Given what Sawchuk and Wings would accomplish in the following few years would suggest Adams was a genius for making such a bold move. Meanwhile Lumley toiled with the worst team in the NHL. For two seasons Lumley tried valiantly with a destitute Black Hawks team that only provided him with enough help for 29 wins in 134 games.

By 1952, the Toronto Maple Leafs great post-war dynasty was over and they were looking to rebuild. One man they never forgot was Lumley. All of those great battles between the Leafs and Wings earned Lumley a great deal of respect among the powers-that-be in Toronto. The Leafs traded away an impressive package of Al Rollins, Gus Mortson, Cal Gardner and Ray Hannigan to land their former nemesis.

The Leafs weren't as bad as the Black Hawks, but they were a shadow of the team that Lumley used to upstage. Lumley instantly made them respectable, and in the process he posted some of the most amazing seasons any goalie has ever enjoyed in hockey history. Lumley would term his playing days with the Leafs as "my best playing days."

Lumley debuted with the Leafs in 1952-53. He posted a 27-30-13 record with a league leading 10 shutouts to return the Leafs to respectability.

The following season Lumley erupted with a 32-24-13 season with a league leading 1.86 goals against average which would land him his only Vezina Trophy. He also posted a modern record with 13 shutouts in one season (bettered by the Black Hawks' Tony Esposito in 1969-70) and was an easy choice as first team All Star. Lumley returned the Leafs to playoffs that year, but they would be ousted in just 5 games.

Lumley had an interesting season in 1954-55. He kept his team in most games, as suggested by his unusual record of 23 wins, 24 losses and 22, yes, 22 ties - which still stands as an NHL record. His 8 shutouts and 1.94 goals against average earned him a second consecutive first all star team nomination. More importantly, Lumley advanced an otherwise average Leafs team into the playoffs, only to be bumped early once again.

Lumley returned to mortal status in 1955-56 when he posted just 3 shutouts and a 2.70 goals against average. But his 21 wins in 59 games was enough to again qualify the Leafs for the playoffs, only to be knocked out early yet again.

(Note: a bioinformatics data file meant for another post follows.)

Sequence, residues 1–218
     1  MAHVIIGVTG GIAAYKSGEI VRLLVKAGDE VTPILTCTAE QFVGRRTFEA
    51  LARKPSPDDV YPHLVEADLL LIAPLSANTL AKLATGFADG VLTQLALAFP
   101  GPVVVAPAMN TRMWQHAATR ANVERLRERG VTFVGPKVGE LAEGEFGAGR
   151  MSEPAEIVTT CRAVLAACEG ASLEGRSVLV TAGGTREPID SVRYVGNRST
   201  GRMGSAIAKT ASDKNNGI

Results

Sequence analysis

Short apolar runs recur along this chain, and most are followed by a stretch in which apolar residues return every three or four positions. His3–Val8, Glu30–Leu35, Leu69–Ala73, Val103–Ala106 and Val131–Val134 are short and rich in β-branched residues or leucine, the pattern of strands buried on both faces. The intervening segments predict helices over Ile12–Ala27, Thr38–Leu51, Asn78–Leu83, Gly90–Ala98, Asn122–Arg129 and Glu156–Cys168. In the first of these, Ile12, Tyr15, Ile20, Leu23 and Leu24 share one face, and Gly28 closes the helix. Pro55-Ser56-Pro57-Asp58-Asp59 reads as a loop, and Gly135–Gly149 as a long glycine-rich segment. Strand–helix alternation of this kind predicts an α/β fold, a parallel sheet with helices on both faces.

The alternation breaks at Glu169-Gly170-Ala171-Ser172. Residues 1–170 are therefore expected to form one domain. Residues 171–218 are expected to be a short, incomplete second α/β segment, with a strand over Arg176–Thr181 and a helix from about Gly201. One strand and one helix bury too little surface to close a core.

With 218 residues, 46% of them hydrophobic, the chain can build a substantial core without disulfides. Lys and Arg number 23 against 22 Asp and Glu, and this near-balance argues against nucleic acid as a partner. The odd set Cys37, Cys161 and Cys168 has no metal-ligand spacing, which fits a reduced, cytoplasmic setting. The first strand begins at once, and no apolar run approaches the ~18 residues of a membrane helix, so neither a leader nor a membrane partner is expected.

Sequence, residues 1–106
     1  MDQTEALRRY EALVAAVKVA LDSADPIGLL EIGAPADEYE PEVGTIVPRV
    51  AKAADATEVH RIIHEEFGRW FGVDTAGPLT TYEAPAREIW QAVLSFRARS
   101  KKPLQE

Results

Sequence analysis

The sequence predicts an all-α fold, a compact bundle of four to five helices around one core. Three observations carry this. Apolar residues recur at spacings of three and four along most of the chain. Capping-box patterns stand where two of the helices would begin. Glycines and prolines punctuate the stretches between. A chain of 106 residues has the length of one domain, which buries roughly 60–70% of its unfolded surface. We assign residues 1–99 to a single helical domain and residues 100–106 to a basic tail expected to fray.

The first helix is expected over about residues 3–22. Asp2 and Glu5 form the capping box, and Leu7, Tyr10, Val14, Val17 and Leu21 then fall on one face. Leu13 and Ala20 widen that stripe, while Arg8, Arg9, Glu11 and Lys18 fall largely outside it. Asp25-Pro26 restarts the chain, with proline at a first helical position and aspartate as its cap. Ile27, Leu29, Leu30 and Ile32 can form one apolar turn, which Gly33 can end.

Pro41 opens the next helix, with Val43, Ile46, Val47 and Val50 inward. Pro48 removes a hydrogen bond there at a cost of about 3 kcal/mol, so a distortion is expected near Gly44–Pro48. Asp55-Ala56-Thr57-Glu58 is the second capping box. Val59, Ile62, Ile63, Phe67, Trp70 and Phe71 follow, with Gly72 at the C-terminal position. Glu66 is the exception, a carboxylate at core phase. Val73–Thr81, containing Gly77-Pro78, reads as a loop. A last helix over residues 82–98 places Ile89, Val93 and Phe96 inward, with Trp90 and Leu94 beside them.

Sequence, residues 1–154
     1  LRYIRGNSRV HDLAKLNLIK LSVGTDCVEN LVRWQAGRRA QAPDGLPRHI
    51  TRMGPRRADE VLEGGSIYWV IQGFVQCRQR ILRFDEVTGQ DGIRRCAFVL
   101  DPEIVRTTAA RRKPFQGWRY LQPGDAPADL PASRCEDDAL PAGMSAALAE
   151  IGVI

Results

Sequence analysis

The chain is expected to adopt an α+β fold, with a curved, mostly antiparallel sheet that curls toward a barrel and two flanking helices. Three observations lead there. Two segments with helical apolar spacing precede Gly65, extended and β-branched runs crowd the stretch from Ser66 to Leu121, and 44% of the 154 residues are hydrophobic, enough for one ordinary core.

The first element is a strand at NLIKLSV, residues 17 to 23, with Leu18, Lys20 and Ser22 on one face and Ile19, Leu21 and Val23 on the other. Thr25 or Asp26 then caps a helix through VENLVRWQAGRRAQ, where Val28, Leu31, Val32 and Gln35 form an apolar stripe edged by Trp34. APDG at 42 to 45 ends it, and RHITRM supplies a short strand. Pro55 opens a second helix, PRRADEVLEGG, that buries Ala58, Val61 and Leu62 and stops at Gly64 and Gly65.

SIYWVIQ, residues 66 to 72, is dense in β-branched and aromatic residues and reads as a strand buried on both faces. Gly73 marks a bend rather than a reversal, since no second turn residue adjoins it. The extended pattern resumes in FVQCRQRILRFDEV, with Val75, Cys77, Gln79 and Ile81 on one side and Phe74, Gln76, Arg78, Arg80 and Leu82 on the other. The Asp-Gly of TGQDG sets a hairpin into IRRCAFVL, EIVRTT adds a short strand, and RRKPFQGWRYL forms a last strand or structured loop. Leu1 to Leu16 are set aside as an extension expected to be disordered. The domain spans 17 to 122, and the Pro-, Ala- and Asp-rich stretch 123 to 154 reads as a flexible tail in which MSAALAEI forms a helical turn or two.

As valiantly as Lumley played in Toronto, history has sort of forgotten about his fine 4 years for the Leafs. The team wasn't all that good, particularly in comparison to the dynasty years directly prior to and just a few short years following Lumley's days.

During the summer of 1956, Lumley was sold back to Chicago. However Lumley refused to return the lowly Black Hawks and the Windy City. Instead he ended up playing most of the next three seasons in the American Hockey League, first with the Buffalo Bisons and then with the Providence Reds. He played instead with the Buffalo Bisons of the American Hockey League for most of the next two seasons.

Lumley did return to the NHL with the Boston Bruins. He played irregularly in parts of three season from 1957 through 1960 with the Bruins, as he rotated his goalie duties with Don Simmons - one of earliest goalie tandems in the NHL. He would play one final season in 1960-61 with the minor league Winnipeg Warriors of the old professional Western Hockey League.

Harry, who interestingly tended goal for 5 of the "Original Six" teams was elected to the Hockey Hall of Fame in 1980. In his post playing days he returned to Owen Sound where he had worked with an automobile dealership and also owned part of the local harness racing track. He developed a keen interest in the track and the sport. All the while he continued to play "old timer's" hockey games until 1977.

Unfortunately he passed away in his native Owen Sound, Ontario in 1998 after suffering a heart attack.


mike wyman,  6:40 PM  

Another great read. Love the 22 ties in a season. Even without the shootout I figure it'd be safe for all time